Students plan Washington march to demand gun control after Florida school massacre
Students pledged to make Wednesday’s slaughter in Parkland, Florida a turning point in America’s deadlocked debate on gun control
Stunned by the deadliest high school shooting in US history, students mobilised across the country on Sunday to organise rallies and a national walkout in support of stronger gun laws, challenging politicians they say have failed to protect them.
Students from Marjory Stoneman Douglas High School, where a former student is accused of murdering 17 people on Wednesday using an assault-style rifle, joined others on social media to plan the events, including a Washington march.
“I felt like it was our time to take a stand,” said Lane Murdock, 15, of Connecticut.
“We’re the ones in these schools, we’re the ones who are having gunmen come into our classrooms and our spaces.”
Murdock, who lives 20 miles (32km) from Sandy Hook Elementary School where 20 children and six adults were shot to death five years ago, drew more than 50,000 signatures on an online petition on Sunday calling on students to walk out of their high schools on April 20.
Instead of going to classes, she urged her fellow students to stage protests on the 19th anniversary of an earlier mass shooting at Columbine High School in Colorado.
Students from the Florida high school are planning a “March for Our Lives” in Washington on March 24 to call attention to school safety and ask lawmakers to enact gun control.
They also plan to rally for gun control, mental health issues and school safety on Wednesday in Tallahassee, the state capital. The students were expected to meet with a lawmaker who is seeking to ban the sale of assault-style weapons like the AR-15 allegedly used in the school shooting.
The demands for change by many still too young to vote has inflamed the country’s long-simmering debate between advocates for gun control and gun ownership.
Students from the Florida school have lashed out at political leaders, including Republican President Donald Trump, for inaction on the issue.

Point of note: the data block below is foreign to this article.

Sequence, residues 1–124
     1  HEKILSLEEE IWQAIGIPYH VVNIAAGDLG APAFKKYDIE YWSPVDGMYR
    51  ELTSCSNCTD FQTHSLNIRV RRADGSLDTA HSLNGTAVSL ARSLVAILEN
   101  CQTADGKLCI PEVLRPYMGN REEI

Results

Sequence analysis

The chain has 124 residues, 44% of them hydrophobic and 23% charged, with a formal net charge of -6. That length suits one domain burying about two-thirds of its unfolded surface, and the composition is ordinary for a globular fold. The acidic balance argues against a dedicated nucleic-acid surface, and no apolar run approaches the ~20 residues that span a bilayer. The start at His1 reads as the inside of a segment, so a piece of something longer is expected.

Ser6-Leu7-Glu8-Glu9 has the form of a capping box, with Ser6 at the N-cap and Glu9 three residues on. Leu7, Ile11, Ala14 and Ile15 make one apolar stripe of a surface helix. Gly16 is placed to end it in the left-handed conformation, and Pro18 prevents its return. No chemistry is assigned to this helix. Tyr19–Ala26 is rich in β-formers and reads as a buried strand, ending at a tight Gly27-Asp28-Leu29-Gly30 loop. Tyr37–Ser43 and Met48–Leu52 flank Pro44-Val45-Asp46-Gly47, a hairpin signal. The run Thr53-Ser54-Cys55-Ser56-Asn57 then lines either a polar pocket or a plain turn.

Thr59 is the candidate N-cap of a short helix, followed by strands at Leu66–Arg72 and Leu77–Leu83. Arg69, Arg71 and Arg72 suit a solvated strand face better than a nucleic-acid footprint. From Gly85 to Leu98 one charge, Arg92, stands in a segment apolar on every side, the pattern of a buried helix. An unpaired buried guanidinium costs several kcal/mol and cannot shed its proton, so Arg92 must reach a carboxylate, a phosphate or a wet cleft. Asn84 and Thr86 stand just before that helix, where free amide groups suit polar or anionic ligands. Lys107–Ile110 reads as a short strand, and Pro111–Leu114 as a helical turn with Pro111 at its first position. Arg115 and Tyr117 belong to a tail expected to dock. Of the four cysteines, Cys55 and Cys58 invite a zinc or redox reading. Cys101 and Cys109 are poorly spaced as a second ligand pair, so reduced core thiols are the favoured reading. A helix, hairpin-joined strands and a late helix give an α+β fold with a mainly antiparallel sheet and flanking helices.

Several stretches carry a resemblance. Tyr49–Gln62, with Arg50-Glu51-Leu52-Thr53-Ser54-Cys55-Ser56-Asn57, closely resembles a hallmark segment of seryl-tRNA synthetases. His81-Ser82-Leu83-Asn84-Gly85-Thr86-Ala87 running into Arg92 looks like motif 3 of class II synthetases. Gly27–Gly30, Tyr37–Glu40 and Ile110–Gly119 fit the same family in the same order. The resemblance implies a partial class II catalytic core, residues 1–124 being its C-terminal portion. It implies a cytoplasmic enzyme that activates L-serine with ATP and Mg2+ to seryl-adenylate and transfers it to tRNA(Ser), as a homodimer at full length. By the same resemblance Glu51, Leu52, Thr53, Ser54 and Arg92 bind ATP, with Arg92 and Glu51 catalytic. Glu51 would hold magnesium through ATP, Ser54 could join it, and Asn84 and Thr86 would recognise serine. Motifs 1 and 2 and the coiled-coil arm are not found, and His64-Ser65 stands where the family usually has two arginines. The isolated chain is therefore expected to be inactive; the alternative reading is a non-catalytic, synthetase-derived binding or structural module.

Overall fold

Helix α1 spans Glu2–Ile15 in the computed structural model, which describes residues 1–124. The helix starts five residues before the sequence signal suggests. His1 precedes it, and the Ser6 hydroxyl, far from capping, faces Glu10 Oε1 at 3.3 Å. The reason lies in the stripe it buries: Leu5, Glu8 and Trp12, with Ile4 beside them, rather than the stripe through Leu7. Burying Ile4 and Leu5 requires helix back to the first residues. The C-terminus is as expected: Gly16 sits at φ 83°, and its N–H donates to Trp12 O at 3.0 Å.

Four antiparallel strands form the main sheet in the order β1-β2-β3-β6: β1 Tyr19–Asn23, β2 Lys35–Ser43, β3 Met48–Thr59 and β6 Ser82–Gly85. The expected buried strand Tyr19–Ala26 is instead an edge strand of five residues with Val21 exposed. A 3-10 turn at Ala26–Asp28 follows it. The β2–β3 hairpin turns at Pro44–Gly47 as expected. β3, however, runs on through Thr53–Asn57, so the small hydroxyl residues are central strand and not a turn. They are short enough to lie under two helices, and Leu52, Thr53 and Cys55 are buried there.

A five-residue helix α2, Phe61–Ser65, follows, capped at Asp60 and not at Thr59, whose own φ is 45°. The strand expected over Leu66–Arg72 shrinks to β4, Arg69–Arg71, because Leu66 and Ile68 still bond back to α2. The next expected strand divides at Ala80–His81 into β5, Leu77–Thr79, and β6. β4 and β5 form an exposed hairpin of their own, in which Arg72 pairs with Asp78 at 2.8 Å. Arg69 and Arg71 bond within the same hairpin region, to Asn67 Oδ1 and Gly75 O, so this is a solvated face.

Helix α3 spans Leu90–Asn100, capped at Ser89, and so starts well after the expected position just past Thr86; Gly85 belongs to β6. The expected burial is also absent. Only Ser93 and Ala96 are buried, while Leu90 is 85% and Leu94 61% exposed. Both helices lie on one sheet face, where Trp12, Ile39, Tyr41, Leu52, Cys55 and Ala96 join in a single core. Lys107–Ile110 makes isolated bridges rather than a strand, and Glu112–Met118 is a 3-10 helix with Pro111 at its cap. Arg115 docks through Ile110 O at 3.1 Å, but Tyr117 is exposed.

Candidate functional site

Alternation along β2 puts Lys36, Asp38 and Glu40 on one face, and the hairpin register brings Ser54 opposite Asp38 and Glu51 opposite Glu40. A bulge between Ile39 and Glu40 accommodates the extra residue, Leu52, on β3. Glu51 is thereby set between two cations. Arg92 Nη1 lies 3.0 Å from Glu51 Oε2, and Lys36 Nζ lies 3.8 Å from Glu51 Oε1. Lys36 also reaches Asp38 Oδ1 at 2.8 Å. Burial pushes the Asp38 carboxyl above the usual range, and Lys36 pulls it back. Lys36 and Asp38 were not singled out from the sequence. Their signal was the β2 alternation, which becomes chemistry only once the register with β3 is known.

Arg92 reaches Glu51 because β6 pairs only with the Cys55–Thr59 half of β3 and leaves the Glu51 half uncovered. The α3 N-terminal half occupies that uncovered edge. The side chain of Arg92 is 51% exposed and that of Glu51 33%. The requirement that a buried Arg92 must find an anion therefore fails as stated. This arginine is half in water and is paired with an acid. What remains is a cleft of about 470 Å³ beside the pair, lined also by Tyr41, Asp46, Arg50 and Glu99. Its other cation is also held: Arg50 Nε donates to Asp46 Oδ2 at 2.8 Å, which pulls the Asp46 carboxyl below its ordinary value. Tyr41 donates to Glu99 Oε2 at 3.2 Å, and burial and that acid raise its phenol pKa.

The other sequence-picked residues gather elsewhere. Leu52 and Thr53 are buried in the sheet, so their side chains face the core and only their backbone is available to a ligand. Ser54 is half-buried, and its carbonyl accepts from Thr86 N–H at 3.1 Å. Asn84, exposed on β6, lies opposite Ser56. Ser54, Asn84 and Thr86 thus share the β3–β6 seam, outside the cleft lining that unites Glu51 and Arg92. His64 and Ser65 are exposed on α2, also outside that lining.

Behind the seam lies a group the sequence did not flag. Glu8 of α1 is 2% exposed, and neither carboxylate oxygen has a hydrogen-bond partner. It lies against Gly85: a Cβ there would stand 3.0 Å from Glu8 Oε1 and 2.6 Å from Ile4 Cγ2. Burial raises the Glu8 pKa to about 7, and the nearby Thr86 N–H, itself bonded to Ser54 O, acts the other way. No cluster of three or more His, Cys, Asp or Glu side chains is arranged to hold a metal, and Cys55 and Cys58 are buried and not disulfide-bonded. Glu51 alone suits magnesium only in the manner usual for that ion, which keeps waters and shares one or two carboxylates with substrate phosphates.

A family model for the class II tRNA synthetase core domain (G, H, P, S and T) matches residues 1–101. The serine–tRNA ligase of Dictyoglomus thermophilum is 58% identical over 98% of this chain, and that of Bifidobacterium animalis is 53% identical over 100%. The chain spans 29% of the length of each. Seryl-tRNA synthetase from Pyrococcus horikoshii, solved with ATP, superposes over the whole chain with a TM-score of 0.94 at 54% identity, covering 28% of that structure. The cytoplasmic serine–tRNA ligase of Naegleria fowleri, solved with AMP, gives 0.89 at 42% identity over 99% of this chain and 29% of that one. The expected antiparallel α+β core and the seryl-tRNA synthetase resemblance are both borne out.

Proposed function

Many criticised Trump for insensitivity after he said in a weekend Twitter post that the FBI may have been too distracted with a Russia probe to follow leads that could have prevented the massacre.
Very sad that the FBI missed all of the many signals sent out by the Florida school shooter. This is not acceptable. They are spending too much time trying to prove Russian collusion with the Trump campaign - there is no collusion. Get back to the basics and make us all proud!
— Donald J. Trump (@realDonaldTrump) February 18, 2018
“You can’t blame the bureaucracy for this when it’s you, Mr. President, who’s overall responsible,” David Hogg, an 18-year-old Douglas senior, said.
Singling out links between politicians and the powerful National Rifle Association, Stoneman Douglas student Cameron Kasky said any politician “who is taking money from the NRA is responsible for events like this.”
“This isn’t about the Republican Party,” he said, referring to the Republican Party.
“This isn’t about the Democrats.”
The NRA, a traditional ally of the Republicans who currently control Congress and the White House, defends a literal view of the US Constitution’s 2nd Amendment which promises a right “to keep and bear arms.”
Even after last October’s killing of 58 people by a gunman in Las Vegas who amassed 47 firearms to commit the worst mass shooting in recent US history, legislators accomplished nothing in the way of tighter controls.
The White House said Trump planned to host “a listening session” with high school students and teachers on Wednesday, but did not specify which students or school would be involved.
Democratic leaders vowed to redouble efforts to fight the nation’s powerful gun lobby to reduce violence from firearms.
“We’re the adults. We’re the leaders in this country who are supposed to keep our children safe – and again and again, our country has let them down,” Democratic National Committee Chairman Tom Perez said on Twitter.
The suspect in the Parkland shooting, Nikolas Cruz, 19, faces multiple murder charges in the deaths of 14 students and three staff members, and the wounding of more than a dozen others in a rampage that eclipsed Columbine as the country’s worst mass shooting at a high school.
Cruz was reported to have been investigated by police and state officials as far back as 2016 after slashing his arm in a social media video, and saying he wanted to buy a gun.
Authorities determined, however, he was receiving sufficient support, newspapers said on Saturday.
In addition, the Federal Bureau of Investigation admitted on Friday that it failed to investigate a warning that Cruz possessed a gun and the desire to kill.
A couple who opened their home to Cruz after his mother’s recent death saw no signs he was planning a rampage, according to the Sun Sentinel in south Florida.
Kimberly and James Snead told the newspaper they knew Cruz had guns, and that they made him lock them in a safe. They thought they had the only key, they said.
Cruz faces charges that could bring the death penalty. Prosecutors have not yet said if they will seek capital punishment.
Four people still hospitalised with wounds from the shooting were in fair condition on Sunday, a spokeswoman for the Broward Health system said.
School officials in Broward County said on Sunday they were aiming to have staff return to the high school campus by the end of the week. They did not say when classes would resume.
Additional reporting by Agence France-Presse